Sam Wyche: From NFL to high school...and loving it
Former NFL head coach Sam Wyche is enjoying his second coaching stint with the Pickens (S.C.) High School Blue Flame, writes Greg Garber.
"Come on, C.J., get to it," Sam Wyche says forcefully after a kickoff falls in front of tailback C.J. Holley. "You've got to get up the field."
And then he softens and smiles. When this happens, which is often around these kids, Wyche exhibits an almost elfin quality.
He was an NFL head coach for a dozen seasons, in Cincinnati and Tampa, but it doesn't really register with members of the Pickens High School football team. Here, in the northwest corner of South Carolina where it still feels like the 1950s, the linebackers coach lines the field the day before a Friday night game with Travelers Rest High, the head coach's wife mends the blue game jerseys and the offensive game plan is prepared by the man who introduced the no-huddle as a standard offense.
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Wyche labored over that game plan last week, mapping out 12 base runs, 11 base passes and 13 quick snap plays -- Crappy (82-All-Hook-Possession-Z-Quick-Post) was one of two plays he designed to be run out of the split-right shotgun. Wyche left a neat pile of 65 single-page copies in the locker room Monday. A day later, only 14 had been taken.These teenagers, the 62-year-old Wyche concedes, are more interested in girls. "I'm having a blast -- I hope they are, too," he said. "It keeps you grounded in reality, the circle of life. "They're in the most impressionable time of their life. They're framing opinions and values. As a coach and teacher and parent, that's when you're the most influential. I watch them and I learn something from them every day. I learned more from Joe Montana than he ever learned from me -- by far -- and I'm not afraid to admit it." Sam Wyche, who was Montana's first NFL position coach back in 1979, has never been afraid to tell the truth as he perceived it. As he acknowledges, his legacy in the league has nothing to do with wins and losses. During a game in December 1989 against Seattle, Bengals fans -- unhappy with the officials -- started throwing snowballs and beer bottles onto the field. Wyche took the public address microphone and admonished them, saying memorably, "You don't live in Cleveland, you live in Cincinnati!" In October 1990, he reportedly barred USA Today sportswriter Denise Tom from the locker room after the Bengals' 31-16 loss to the Seattle Seahawks. In the wake of the Patriots-Lisa Olson controversy, Wyche said he believed some of his players might be embarrassed by having women see them undressed. Enforcing a league policy opening the locker room to all reporters, commissioner Paul Tagliabue fined Wyche nearly $30,000. At the time, it was the largest fine imposed on an NFL coach.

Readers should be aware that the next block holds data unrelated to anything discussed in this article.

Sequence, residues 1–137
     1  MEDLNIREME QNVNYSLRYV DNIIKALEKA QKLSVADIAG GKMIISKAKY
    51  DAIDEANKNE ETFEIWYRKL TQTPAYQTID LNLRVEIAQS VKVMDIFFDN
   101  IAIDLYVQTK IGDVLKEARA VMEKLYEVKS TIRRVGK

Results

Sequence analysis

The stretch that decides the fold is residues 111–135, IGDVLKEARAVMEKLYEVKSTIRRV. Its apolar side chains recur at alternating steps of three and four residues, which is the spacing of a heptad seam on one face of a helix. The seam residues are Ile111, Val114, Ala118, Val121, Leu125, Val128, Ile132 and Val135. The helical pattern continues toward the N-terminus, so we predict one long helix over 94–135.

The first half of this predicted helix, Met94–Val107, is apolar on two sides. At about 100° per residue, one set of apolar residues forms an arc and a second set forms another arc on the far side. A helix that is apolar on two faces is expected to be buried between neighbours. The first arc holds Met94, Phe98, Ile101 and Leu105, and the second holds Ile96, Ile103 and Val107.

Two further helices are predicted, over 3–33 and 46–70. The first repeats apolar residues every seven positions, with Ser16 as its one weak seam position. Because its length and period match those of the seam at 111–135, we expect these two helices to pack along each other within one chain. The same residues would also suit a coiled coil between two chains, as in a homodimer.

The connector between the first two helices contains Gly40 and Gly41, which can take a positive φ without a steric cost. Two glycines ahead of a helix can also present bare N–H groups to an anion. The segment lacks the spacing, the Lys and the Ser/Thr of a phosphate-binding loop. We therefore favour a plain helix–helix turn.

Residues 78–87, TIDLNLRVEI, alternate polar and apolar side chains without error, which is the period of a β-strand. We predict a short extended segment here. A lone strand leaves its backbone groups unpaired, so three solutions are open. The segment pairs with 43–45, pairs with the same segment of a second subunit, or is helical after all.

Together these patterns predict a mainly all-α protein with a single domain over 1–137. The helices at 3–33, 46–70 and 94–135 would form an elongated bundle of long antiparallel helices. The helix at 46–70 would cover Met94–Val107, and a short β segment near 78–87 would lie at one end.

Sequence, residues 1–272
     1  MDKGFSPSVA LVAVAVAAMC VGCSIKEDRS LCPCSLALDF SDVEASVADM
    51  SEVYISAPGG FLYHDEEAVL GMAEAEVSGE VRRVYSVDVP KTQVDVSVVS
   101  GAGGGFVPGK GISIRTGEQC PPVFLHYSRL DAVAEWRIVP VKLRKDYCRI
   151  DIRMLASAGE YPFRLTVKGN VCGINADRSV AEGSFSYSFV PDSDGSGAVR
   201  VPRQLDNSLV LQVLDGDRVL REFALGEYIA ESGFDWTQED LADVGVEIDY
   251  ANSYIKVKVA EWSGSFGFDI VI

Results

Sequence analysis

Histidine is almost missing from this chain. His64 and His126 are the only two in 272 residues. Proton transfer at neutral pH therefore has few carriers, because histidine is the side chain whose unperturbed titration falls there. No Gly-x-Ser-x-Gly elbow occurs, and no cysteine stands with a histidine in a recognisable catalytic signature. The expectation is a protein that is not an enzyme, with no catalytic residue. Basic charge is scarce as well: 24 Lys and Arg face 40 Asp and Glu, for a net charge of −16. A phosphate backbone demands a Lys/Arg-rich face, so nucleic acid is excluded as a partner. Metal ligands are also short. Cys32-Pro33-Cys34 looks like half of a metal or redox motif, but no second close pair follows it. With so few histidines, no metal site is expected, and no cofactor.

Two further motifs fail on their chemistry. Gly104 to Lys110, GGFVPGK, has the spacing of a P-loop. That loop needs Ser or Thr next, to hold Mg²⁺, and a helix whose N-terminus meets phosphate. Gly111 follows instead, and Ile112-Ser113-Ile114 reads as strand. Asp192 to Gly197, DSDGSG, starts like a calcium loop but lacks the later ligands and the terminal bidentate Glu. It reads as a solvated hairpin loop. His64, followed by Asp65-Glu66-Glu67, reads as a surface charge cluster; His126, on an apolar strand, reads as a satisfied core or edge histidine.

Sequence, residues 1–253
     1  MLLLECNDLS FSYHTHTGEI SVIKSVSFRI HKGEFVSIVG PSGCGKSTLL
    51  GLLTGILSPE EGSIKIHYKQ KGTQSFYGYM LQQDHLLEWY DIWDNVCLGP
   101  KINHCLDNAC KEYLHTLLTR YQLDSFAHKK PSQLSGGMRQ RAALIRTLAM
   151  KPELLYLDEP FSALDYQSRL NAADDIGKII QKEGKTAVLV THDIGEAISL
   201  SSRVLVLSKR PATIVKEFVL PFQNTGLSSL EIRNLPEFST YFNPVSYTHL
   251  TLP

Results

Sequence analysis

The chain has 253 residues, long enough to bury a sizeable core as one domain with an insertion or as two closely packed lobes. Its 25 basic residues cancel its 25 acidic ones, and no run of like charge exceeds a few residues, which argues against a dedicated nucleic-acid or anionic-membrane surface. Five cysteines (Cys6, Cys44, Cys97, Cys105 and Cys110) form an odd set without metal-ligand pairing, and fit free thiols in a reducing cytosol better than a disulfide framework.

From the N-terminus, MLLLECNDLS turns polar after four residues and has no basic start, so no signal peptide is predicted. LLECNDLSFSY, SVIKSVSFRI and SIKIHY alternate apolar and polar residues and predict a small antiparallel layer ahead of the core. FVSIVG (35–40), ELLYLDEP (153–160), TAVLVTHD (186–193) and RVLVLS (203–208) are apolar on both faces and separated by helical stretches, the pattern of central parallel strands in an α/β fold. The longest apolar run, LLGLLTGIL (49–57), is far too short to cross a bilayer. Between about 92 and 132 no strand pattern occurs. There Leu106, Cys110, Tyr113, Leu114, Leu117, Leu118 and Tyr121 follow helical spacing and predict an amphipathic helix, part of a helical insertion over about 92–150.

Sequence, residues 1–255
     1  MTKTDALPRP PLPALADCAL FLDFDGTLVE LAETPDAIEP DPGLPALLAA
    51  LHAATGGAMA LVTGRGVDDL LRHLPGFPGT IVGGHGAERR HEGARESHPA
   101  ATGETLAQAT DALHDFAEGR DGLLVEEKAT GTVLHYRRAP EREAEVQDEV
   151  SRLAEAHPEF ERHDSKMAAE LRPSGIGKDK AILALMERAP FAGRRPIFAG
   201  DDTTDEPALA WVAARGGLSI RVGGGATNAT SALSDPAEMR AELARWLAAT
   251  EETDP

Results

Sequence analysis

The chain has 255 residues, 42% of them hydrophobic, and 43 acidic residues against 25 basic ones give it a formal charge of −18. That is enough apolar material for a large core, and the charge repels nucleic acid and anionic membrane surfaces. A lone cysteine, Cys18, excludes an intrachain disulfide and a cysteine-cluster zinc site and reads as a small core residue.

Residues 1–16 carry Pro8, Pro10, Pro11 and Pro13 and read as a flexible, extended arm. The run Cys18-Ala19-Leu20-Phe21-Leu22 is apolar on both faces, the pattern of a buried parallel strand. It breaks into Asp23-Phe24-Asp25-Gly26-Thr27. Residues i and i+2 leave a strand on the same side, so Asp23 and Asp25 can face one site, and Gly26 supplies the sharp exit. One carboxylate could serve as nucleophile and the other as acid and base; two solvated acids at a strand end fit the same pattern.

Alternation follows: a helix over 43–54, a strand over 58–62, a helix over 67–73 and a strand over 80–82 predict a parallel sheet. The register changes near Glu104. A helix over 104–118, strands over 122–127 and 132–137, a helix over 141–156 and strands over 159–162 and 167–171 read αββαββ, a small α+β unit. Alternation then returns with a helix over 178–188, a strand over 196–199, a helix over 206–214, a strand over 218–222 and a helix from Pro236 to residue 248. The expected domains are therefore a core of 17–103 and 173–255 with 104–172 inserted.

"He gets excited no matter what team he's coaching," said Jane. "If they win, he's thrilled. If they lose, he gets down. The best part is that there's not as much pressure."
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Said Brett Turner, Pickens head coach: "He's a very humble person. He's always thinking of the kids, even the ones that don't play much. One day we took Polaroids of the kids and he made a book for himself so he could learn all their names. When a kid has no way to get home, he'll be one of the first ones to give them a ride."
"Man, ever since I retired, I don't have time for anything," Wyche said, shaking his head and pausing. "Could be worse."
The unkindest cut
A few years ago, it was. He had always been an active runner, but in 2000 Wyche found himself getting winded with little exertion. He was, he says, "a lousy date" and sometimes spent 23 hours a day in bed. Doctors didn't like the look of his enlarged lymph nodes and, fearing cancer, proposed a biopsy. During the procedure, the nerve connected to the left vocal chord was accidentally severed. Instantly, his voice -- the chief instrument of his engaging personality -- was all but gone. Operating on its own, Wyche's right vocal chord could only produce a gravely, ghostly whisper, not enough volume to allow him to continue in his role as a broadcaster for CBS NFL telecasts. And then, things got worse. In March 2001, doctors told Wyche he had viral cardiomyopathy, a condition that attacks the heart muscle and can lead to heart failure. "They put in a pacemaker in 2002," Wyche said. "Dick Cheney has the same one I do. He just gets [the rhythm swings] on weekdays. I get mine on weekends." Wyche laughs, but it's not funny when he wakes up every night at 2:55 a.m. The Medtronic pacemaker keeps his heart beating 75 times per minute, but occasionally it drifts out of that rhythm. That's when a small computer that is part of the device fires a defibrillator. It usually happens around 3 a.m. when, theoretically, Wyche is supposed to be asleep.